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Canada's international transactions in securities

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February 2009 (Previous release)

Increased government borrowing in Canada and in the United States, along with declining global equity prices, maintained cross-border portfolio investment activity in February. Foreign investors added $6.1 billion of Canadian securities to their portfolios, investing in both bonds and equities. For their part, Canadian investors acquired $2.9 billion of foreign securities with acquisitions comprised of equity and money market instruments.

Foreign portfolio investment in Canadian securities

Non-resident investors demand for Canadian bonds extends into February

Acquisitions of Canadian bonds carried over into February, as non-residents picked up a further $4.2 billion to add to the $6.5 billion acquired in January. Nearly two-thirds were federal government enterprise bonds, with the remainder almost equally split between federal government and private corporate bonds.

Note to readers

All values in this release are net transactions unless otherwise stated.

The data series on international security transactions cover portfolio transactions in stocks, bonds and money market instruments for both Canadian and foreign issues.

Stocks include common and preferred equities, as well as warrants.

Debt securities include bonds and money market instruments.

Bonds have an original term to maturity of more than one year.

Money market instruments have an original term to maturity of one year or less.

Government of Canada paper includes treasury bills and US-dollar Canada bills.

The overall supply of Canadian federal government debt remained high, in line with the previous four months, but was mainly comprised of long-term instruments in February. As a result, non-residents acquired $1.1 billion of federal government bonds, mainly 5-year and 10-year benchmark bonds. Foreign investment in Canadian corporate debt also focused on long-term instruments. Non-residents picked up $2.0 billion of new government business enterprise bonds as well as $1.4 billion of new issues of private corporations.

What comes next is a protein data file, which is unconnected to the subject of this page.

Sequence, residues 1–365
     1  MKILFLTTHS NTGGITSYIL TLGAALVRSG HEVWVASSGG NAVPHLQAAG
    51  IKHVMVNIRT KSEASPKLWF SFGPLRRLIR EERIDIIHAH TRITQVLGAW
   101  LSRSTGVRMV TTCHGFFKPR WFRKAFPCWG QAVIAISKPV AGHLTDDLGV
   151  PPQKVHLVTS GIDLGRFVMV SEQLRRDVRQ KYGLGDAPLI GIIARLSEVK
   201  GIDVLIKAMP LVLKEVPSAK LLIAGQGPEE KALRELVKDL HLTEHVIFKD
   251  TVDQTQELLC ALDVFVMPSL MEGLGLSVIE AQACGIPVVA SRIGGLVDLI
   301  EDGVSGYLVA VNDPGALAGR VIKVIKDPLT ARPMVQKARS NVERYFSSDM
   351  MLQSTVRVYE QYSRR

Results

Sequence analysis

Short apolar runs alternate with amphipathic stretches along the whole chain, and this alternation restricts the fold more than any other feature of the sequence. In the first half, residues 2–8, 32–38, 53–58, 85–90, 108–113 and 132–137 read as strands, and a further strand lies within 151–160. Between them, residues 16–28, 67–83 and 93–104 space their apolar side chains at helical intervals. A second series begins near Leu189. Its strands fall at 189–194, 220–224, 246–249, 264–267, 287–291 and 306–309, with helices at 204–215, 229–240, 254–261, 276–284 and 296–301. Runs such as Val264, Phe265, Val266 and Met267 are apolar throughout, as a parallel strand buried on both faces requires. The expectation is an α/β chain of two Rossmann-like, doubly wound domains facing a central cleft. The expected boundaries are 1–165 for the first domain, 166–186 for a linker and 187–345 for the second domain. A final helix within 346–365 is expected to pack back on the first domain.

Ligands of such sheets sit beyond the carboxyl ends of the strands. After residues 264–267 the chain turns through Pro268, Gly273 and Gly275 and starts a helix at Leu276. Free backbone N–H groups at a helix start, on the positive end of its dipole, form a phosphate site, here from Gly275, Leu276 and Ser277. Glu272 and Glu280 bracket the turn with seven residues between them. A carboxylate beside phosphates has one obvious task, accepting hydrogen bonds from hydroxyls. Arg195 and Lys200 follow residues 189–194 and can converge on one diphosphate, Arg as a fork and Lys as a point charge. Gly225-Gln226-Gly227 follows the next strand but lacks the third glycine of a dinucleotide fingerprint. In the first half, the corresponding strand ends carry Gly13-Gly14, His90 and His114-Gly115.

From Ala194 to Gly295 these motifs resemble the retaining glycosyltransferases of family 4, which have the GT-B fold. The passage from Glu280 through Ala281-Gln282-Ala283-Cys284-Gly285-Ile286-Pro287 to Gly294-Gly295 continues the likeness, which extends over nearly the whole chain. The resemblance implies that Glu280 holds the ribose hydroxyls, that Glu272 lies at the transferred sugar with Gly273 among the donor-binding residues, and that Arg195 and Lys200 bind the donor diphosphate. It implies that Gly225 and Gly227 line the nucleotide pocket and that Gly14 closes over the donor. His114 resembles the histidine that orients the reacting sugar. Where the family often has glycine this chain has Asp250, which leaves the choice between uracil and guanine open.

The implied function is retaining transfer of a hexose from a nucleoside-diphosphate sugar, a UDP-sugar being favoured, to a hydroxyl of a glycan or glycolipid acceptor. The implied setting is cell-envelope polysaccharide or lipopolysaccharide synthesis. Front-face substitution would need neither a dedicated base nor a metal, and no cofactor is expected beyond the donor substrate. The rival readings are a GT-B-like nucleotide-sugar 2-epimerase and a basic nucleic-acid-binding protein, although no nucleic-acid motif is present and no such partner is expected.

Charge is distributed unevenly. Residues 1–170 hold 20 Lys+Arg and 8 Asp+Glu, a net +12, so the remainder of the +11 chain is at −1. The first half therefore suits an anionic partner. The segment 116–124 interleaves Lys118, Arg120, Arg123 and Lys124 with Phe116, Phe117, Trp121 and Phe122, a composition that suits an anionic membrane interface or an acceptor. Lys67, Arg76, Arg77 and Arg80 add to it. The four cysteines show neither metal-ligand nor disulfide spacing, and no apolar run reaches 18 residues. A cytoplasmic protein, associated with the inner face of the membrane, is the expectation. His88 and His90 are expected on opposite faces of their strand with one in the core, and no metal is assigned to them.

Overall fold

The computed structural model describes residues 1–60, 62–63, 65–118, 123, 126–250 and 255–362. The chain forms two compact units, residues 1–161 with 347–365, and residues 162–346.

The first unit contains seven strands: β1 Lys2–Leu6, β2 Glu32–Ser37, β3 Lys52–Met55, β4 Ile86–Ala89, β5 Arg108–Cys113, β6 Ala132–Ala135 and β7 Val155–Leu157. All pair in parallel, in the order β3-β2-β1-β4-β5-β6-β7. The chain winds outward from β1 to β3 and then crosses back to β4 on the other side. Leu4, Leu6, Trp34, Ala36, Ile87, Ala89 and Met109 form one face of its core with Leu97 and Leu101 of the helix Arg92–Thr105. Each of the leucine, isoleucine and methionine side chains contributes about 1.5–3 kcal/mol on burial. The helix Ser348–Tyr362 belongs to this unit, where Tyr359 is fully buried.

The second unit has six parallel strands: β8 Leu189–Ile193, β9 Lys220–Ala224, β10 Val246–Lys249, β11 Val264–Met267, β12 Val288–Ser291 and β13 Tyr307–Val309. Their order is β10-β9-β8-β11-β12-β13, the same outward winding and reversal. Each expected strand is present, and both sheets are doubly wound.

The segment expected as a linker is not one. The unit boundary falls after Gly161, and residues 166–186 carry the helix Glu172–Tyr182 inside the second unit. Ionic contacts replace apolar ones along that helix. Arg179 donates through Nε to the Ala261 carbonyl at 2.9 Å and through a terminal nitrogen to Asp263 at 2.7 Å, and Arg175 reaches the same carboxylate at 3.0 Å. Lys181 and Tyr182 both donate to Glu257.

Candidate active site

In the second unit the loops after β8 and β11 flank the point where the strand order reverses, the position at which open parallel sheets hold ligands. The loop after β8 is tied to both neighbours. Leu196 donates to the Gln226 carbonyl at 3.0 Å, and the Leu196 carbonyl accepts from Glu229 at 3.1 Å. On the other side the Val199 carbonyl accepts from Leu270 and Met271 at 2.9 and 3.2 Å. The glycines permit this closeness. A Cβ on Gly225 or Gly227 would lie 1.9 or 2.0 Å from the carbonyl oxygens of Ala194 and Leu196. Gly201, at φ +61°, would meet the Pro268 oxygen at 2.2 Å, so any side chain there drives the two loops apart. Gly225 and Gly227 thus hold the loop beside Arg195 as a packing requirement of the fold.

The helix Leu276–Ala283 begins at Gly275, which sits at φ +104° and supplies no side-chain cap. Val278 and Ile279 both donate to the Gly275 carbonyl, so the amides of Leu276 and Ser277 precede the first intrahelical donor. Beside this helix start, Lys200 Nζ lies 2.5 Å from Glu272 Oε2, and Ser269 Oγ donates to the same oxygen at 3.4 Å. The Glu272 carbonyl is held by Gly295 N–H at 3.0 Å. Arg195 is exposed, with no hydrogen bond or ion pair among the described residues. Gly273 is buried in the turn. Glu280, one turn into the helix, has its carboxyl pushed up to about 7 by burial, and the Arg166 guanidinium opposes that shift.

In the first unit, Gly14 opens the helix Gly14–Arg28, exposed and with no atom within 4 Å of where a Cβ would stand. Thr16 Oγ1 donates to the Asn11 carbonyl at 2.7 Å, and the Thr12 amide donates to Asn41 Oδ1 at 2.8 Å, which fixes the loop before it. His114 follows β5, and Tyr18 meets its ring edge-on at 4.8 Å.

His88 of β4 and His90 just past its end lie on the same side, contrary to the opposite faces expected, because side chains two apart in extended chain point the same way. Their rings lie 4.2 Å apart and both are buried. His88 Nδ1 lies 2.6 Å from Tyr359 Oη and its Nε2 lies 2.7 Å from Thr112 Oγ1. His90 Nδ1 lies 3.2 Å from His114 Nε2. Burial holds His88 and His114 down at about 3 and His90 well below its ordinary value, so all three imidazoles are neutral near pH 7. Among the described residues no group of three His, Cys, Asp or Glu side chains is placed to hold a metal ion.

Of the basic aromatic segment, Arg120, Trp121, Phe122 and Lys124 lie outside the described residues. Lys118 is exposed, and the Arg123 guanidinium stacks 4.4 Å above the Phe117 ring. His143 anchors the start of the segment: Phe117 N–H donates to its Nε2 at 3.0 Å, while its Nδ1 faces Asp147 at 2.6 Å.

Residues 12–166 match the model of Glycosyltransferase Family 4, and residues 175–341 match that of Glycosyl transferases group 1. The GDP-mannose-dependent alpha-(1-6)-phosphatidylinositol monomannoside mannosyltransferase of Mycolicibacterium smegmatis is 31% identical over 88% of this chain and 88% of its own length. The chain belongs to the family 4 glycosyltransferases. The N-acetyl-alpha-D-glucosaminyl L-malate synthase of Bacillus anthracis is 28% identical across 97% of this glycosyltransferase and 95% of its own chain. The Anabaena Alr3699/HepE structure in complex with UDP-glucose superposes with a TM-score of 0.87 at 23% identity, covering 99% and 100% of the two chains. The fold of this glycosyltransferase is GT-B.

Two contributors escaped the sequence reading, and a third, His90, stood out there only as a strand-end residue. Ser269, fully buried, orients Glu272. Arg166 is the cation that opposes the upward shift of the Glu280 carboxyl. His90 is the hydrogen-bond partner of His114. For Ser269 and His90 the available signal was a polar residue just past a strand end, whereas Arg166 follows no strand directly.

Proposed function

In contrast, non-residents reduced their holdings of Canadian money market instruments by $482 million in February, the first divestment in nearly a year. Foreign divestment was driven by activity in government business enterprise and private corporate short-term paper, mainly bank paper. Foreign acquisitions of Canadian Treasury bills were also down sharply from January, reflecting much lower net new issues in February.

Non-resident investors focus on Canadian gold and oil company equities

Foreign investors acquired $2.4 billion of Canadian equities in February, favouring gold and oil companies. On the other hand, non-residents reduced holdings of shares of information technology and financial firms, which were among the worst performing sectors of the Standard and Poor's / Toronto Stock Exchange index in February. By month-end, Canadian stock prices reached their lowest level since November 2003.

Canadian investors turn to US government debt instruments